8 new streaming series to watch on Netflix and Amazon this fall
Amazon, Sept. 9
Tig Notaro had a no good, very bad year in 2012. And it's been well documented -- the standup comedian faced an intestinal disease, her mother's unexpected death, a breakup and breast cancer -- through an HBO comedy special, a Netflix documentary and a bestselling book. So it makes sense she chose to encapsulate it all into a six-episode half-hour "traumedy" series. And we're glad she did. Since it's not all autobiographical (she says it's "85 percent real"), Notaro gets to rewrite her memories and explore new ways to approach her grief. The devastating moments are lightened through Notaro's deadpan delivery of sarcastic jokes. Notaro reminds us that the best comedy comes from pain. We all need a release in the form of laughter. So when you're faced with crippling diarrhea while your mom is gasping her last breaths, it's okay to find the humor.
Netflix, Sept. 23
This cast, you guys. Orlando Bloom. Malin Akerman, left. Jake Johnson. Yes, we're going to keep going. Marc Maron. Dave Franco. Hannibal Buress. Emily Ratajkowski. This eight-episode comedy series from indie film director Joe Swanberg is set in Chicago as all these people navigate love, sex and technology. This anthology series joins a long list of rom-ish-coms. We're not sure what Girls, Master of None, You're the Worst, Broad City and Crazy Ex-Girlfriend haven't already said about modern romance, but with this much star power, we'll tune in.
Marvel's Luke Cage
Netflix, Sept. 30
Fans fell in love with Mike Colter as Luke Cage in Netflix's Jessica Jones. Now the diamond-skinned superhero is back for a standalone series, following Luke after the experiment that gave him super strength and as he becomes a fugitive trying to rebuild his life in Harlem. The teaser and trailers for the newest Marvel superhero series show exactly what fans want: epic fight scenes and Luke Cage strolling through New York like he owns it and walking away from gunfights without a scratch. Let's hope there's a solid story behind all the brawn.
Crisis in Six Scenes
Amazon, Sept. 30
Woody Allen's television directing debut is a long time coming for Amazon, which, after a couple of years of negotiations, gave the Oscar-winning filmmaker complete creative freedom (and a reported $15 million paycheck). This six-part, one-season comedy series is set in the 1960s and stars a perfectly cast Miley Cyrus as a young hippie who meets an uptight New York family, played by Allen, Elaine May, John Magaro and Rachel Brosnahan. We're excited for full Allen neuroses paired with a flower child Hannah Montana.
Amazon, Oct. 14
All hail king of TV legal dramas David E. Kelley. The Practice, Ally McBeal and Boston Legal were all on networks, so we're intrigued to see what he does without content and structure restrictions. Goliath sidestepped Amazon's early-release pilot process, but the trailers already show a darker tone. The eight-episode series will follow one case as one scrappy lawyer (Billy Bob Thornton) takes on a big aerospace company. Dwight Yoakam and William Hurt also star.
Good Girls Revolt
Amazon, Oct. 28
Mad Men spoiled us. Matthew Weiner set the bar high on workplace period dramas. But from the pilot episode already available on Amazon, the difference is clear: There's no need to focus on the men really at all. Starring Anna Camp (Pitch Perfect, True Blood) and newbies Erin Darke, and Genevieve Angelson, the series is based on a book about a group of young female researchers at a news magazine who seem to be doing much more reporting than the men they work for. And without any of the recognition. That is until Nora freaking Ephron (Grace Gummer, right) joins the staff. She sparks a revolution that will reverberate throughout the season as the conveniently different girls (one hippie, one wife and one boss lady) explore this new world of feminism. And at a time currently when more celebrities "don't like labels" and are resisting the term "feminist," we're happy this show exists.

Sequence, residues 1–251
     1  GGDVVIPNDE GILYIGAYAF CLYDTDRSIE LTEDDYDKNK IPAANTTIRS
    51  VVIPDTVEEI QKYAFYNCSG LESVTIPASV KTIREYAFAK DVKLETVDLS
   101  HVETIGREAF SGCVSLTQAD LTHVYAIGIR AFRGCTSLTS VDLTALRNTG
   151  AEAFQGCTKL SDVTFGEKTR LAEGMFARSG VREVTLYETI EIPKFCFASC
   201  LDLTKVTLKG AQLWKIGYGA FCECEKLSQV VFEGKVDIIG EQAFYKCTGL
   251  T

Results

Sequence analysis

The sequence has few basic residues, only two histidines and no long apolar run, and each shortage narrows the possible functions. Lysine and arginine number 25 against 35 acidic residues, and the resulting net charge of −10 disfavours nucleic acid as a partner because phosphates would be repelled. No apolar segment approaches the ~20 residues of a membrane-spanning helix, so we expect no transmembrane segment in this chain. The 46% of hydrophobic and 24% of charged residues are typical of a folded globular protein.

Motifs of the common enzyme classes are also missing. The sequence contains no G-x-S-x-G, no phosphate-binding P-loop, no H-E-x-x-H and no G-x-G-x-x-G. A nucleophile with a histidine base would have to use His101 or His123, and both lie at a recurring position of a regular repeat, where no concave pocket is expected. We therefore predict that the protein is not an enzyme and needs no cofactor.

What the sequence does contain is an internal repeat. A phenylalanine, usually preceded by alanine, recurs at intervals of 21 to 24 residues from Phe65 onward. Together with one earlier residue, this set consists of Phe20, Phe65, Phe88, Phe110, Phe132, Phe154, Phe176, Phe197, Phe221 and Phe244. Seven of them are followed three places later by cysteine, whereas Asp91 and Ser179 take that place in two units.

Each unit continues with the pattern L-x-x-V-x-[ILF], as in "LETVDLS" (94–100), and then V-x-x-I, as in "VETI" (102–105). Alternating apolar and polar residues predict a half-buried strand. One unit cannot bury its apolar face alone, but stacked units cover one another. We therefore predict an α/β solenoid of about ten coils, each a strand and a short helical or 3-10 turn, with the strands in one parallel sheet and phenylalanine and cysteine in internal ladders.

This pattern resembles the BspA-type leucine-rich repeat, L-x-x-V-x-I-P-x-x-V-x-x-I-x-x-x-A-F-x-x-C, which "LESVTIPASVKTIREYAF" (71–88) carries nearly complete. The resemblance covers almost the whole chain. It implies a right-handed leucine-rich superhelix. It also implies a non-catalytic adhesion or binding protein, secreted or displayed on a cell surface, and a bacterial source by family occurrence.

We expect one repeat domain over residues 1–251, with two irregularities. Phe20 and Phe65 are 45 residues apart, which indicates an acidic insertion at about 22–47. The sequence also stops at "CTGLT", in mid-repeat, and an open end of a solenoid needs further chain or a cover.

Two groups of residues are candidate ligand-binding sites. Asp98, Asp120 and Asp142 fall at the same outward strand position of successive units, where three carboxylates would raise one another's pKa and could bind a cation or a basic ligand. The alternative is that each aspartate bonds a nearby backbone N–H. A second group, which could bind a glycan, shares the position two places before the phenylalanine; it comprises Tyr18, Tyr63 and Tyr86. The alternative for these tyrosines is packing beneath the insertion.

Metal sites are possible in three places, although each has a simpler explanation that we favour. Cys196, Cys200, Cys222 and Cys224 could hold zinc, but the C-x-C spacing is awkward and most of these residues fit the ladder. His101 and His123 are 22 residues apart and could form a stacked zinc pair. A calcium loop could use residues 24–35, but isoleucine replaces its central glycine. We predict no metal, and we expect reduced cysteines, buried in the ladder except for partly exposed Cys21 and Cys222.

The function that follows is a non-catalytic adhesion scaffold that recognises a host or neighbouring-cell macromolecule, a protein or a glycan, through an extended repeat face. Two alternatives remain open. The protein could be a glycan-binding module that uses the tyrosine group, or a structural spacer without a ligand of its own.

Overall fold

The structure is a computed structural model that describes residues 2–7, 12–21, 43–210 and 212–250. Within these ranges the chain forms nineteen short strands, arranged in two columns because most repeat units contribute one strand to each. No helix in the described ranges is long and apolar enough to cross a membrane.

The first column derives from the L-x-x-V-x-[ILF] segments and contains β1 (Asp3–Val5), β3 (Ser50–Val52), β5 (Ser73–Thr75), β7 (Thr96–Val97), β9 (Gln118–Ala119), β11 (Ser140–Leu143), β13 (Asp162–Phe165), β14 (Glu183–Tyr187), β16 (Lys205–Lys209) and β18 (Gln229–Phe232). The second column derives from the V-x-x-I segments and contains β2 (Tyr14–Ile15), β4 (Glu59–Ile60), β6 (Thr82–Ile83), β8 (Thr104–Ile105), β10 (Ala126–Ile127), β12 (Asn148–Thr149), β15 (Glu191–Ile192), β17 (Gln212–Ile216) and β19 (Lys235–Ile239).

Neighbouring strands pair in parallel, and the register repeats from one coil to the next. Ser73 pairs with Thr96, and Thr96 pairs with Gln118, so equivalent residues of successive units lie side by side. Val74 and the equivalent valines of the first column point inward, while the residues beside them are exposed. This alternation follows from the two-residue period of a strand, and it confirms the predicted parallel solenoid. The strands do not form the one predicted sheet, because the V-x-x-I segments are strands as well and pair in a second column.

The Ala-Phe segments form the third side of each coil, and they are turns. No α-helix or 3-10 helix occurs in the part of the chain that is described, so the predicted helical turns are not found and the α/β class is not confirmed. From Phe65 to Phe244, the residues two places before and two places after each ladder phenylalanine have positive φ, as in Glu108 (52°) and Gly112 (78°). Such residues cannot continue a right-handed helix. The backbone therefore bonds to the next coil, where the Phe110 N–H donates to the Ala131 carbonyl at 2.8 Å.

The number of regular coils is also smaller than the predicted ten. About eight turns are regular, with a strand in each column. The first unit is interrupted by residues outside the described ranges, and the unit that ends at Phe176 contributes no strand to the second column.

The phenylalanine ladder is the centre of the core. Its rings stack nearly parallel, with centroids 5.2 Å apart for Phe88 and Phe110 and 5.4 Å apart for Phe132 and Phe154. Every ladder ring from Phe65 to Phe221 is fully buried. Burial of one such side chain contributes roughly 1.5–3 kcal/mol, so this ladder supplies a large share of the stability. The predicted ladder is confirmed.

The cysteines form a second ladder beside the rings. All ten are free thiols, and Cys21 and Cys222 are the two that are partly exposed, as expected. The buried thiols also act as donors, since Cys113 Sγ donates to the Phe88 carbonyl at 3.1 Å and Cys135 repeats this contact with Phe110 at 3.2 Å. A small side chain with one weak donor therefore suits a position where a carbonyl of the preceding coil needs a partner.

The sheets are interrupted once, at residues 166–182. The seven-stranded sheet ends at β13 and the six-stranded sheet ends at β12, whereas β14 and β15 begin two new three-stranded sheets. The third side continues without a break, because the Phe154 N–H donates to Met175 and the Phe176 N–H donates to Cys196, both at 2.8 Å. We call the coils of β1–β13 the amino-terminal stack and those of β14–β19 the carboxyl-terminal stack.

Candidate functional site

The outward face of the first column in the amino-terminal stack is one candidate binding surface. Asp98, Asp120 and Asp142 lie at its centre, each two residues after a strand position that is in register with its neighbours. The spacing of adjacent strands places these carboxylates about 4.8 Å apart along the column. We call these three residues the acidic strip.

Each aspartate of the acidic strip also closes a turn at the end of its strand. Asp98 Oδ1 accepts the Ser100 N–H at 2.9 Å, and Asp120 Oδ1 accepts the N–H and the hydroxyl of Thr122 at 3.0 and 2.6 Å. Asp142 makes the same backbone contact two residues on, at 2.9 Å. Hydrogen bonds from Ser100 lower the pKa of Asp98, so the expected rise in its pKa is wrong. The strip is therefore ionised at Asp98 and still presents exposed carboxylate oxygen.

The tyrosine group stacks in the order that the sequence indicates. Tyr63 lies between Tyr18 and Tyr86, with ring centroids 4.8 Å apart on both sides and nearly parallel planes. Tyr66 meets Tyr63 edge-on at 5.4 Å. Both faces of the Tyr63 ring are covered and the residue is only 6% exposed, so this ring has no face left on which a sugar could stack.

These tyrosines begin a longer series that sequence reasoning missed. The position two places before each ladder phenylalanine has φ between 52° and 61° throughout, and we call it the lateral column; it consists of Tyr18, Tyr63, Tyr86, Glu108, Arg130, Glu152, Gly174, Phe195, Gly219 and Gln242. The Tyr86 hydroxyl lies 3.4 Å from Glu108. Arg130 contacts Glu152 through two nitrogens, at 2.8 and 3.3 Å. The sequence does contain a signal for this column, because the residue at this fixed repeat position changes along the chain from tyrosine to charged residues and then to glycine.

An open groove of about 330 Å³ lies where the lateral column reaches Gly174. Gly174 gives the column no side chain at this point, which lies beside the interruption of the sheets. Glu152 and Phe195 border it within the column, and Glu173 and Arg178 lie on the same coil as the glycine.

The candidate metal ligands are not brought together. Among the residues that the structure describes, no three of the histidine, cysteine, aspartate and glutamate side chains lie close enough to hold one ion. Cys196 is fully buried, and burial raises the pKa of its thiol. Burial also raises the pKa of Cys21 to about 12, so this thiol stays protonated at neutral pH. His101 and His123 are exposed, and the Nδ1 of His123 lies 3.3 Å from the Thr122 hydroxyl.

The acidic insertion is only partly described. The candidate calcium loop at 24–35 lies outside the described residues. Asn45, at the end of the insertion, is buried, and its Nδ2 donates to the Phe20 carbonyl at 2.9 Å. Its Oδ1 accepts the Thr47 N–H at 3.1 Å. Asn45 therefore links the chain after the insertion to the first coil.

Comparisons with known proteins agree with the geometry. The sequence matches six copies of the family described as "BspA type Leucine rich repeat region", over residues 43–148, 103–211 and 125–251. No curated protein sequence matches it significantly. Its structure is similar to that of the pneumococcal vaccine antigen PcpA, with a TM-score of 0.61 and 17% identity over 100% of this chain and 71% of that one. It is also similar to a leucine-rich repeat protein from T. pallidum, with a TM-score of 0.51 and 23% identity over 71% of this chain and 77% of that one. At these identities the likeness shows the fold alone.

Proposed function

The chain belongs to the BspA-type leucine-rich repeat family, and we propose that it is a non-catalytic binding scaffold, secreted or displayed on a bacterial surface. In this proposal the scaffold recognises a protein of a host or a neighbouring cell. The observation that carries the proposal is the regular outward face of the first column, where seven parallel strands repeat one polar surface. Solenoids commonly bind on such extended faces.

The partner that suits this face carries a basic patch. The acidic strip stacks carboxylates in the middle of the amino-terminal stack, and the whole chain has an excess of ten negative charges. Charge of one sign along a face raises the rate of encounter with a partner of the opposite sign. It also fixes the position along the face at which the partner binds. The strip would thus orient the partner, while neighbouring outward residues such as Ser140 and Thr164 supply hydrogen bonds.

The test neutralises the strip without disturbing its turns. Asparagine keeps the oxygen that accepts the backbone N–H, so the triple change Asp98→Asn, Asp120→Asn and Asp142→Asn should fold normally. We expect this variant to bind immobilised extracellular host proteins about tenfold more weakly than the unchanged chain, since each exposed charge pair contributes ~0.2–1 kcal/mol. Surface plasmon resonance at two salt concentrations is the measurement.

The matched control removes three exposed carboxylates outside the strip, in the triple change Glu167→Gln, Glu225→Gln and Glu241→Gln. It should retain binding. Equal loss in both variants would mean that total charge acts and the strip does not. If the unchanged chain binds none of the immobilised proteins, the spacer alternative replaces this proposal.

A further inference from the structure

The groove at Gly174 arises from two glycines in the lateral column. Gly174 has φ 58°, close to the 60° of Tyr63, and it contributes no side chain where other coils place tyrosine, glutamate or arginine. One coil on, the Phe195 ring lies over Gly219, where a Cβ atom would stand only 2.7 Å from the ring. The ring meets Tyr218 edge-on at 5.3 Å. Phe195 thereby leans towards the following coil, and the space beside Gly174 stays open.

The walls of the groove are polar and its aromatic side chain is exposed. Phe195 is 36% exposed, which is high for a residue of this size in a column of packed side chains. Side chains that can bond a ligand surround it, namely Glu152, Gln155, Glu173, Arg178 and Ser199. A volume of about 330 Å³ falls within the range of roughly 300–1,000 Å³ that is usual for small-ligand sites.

Netflix, Nov. 4
Anglophiles and lovers of royal families will want to add this one to their must-binge list. The series explores the reign of Queen Elizabeth II and the impact her queendom had on her personal and professional relationships. The rumored $100 million 10-part series from Netflix follows the Queen from the earliest years of her reign to the present day. No word yet on an endorsement from Her Majesty. Claire Foy (Wolf Hall) plays Queen Elizabeth II, with Matt Smith (Doctor Who) as Prince Philip, right.
Gilmore Girls: A Year in the Life
Netflix, Nov. 25
If ever a TV show deserved to be put through the modern revival machine, it's Gilmore Girls, the hourlong WB/CW dramedy that ran for seven seasons beginning in 2000 and is coming back as four 90-minute installments. It fits all the requirements: semisuccessful show with a cult following; left to languish in its final season after its creator -- the verbose goddess Amy Sherman-Palladino -- was unceremoniously ousted; found new fandom when it started streaming on Netflix in 2014. Sherman-Palladino, who ran the original show for six seasons, is back, along with her writing partner-husband Daniel Palladino and nearly all of the original cast: Alexis Bledel, Lauren Graham and Kelly Bishop. With that much original DNA, here's hoping the Palladinos can adequately re-create the magic of small-town Stars Hollow, and the hyper, pop culture-packed dialogue that fueled it. --Michelle Stark, Times staff writer